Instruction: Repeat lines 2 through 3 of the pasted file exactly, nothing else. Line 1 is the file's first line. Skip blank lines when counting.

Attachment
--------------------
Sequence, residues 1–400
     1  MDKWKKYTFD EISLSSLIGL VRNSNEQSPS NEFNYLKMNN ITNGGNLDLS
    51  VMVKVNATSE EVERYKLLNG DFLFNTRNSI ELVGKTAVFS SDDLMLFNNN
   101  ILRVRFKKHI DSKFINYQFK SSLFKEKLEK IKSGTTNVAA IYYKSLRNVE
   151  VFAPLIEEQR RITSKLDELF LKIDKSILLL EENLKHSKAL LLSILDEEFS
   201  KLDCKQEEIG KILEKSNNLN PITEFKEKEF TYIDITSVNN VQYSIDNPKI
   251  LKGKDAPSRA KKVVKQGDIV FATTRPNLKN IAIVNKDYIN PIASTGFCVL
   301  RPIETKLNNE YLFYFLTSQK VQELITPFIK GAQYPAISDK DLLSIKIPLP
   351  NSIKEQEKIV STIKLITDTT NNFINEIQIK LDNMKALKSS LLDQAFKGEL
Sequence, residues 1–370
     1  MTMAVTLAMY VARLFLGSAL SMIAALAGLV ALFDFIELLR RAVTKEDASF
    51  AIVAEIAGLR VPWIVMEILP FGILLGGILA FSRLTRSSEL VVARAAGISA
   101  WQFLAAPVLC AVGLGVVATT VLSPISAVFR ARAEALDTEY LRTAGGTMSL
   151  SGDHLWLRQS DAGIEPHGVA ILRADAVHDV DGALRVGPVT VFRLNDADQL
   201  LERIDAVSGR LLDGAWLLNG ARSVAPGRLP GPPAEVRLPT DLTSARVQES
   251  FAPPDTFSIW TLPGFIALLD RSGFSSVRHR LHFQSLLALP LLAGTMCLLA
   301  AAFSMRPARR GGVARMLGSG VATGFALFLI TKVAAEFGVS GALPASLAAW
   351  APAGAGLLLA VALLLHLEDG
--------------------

     1  MDKWKKYTFD EISLSSLIGL VRNSNEQSPS NEFNYLKMNN ITNGGNLDLS
    51  VMVKVNATSE EVERYKLLNG DFLFNTRNSI ELVGKTAVFS SDDLMLFNNN